Streptozocin is a chemotherapy drug used to treat pancreatic cancer and some neuroendocrine tumors. It can be given alongside other chemotherapy medications.
HOW IS STREPTOZOCIN ADMINISTERED?
Streptozocin is given in the chemotherapy day unit or during a hospital stay. A chemotherapy nurse will give it to you.
Before the day of treatment, a nurse will take a blood sample from you to see if you are fit for chemotherapy.
You will also be able to see a doctor or nurse before having chemotherapy. They will ask you how you have been feeling. If the results of your blood test are good on the day of your treatment, the pharmacist will prepare your chemotherapy. Your nurse will give you medication for nausea and, sometimes, steroids administered intravenously. Chemotherapy drugs may be given in the following ways:
- Through a thin tube (line) inserted into a vein in the arm or hand by a nurse
- Through a tube that goes below the skin of your chest to a nearby vein (central line)
- Through a thin tube that is placed in a vein of the arm and goes up through a vein toward the chest (PICC)
Your nurse will give you streptozocin as a drip (perfusion) through a cannula or a line for about an hour. This kind of drip is usually given using a perfusion pump for the sake of timing.
Some people may have side effects while they are receiving chemotherapy.
On rare occasions, streptozocin can cause allergic reactions while it is being administered. The signs of a reaction may include the following: rash, itchiness, breathlessness; swelling in the face or lips; nausea; pain in the abdomen, back, or chest; or feeling unwell. Tell your nurse immediately if you have any of these symptoms.
PAIN ALONG THE VEIN
If you feel pain in your vein, let your nurse know immediately; they will check the puncture site and the rate of administration to relieve you of your pain.
DRUG LEAKAGE OUTSIDE THE VEIN
If this happens when you are receiving streptozocin, it can damage the tissue surrounding the vein. This is called extravasation. Inform the nurse immediately if you have stinging, pain, redness, or swelling around the vein. Extravasation is not common, but if it happens it is important that it be treated quickly.
If you have any of these symptoms after you get home, contact your doctor or nurse immediately.
YOUR TREATMENT COURSE
You will have streptozocin as part of a course or cycle, consisting of several treatment sessions and lasting several months. The number of cycles will depend on the type of cancer you have. Your doctor or nurse will tell you more about this and how many cycles you are going to have.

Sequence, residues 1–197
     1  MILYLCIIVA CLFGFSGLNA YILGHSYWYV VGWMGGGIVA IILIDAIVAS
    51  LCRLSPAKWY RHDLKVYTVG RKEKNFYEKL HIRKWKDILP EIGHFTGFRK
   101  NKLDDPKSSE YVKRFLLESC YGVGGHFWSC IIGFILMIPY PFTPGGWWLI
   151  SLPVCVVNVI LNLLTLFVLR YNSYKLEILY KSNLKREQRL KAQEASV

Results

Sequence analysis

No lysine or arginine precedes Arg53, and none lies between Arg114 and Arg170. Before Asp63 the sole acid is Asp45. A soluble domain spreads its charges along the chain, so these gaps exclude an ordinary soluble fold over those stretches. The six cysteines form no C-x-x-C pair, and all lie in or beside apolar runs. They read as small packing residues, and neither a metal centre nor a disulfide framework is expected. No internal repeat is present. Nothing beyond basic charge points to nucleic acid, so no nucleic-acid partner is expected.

POSSIBLE SIDE EFFECTS OF STREPTOZOCIN
You may experience some of the side effects mentioned here, though it is rare for a patient to have all of them. If you receive other chemotherapy drugs, you may have other side effects that are not mentioned here. Always inform your doctor of the effects you experience.
Your doctor can prescribe medication to help control some of the side effects. It is very important to take the medication exactly as your doctor says for it to have the highest chance of working well. Your nurse will advise you on managing the side effects. After treatment, the side effects start to get better.
RISK OF INFECTION
Streptozocin may lower the number of white blood cells in your blood. This will make you more susceptible to infection. Your nurse can tell you when you might have the lowest levels of these cells. When the number of white blood cells is low, this is called neutropenia.
Contact your hospital immediately if any of the following happens:
- your temperature goes above 38 ° C
- you suddenly feel unwell, even if your temperature is normal.
- You have symptoms of infection, which may include sore throat, coughing, or the need to urinate frequently.
The number of white blood cells normally increases gradually, returning to normal before your next chemotherapy session. You will have a blood test before your next chemotherapy. If your white blood cells are still low, your doctor may postpone the treatment for a short period of time.
BRUISING AND BLEEDING
Streptozocin may lower the number of platelets in your blood. Platelets are cells that help the blood to clot. Tell your doctor if you have any unexplained bleeding or bruising. This includes nosebleeds, bleeding gums, blood spots, or skin eruptions (rashes). Some people may require additional platelets.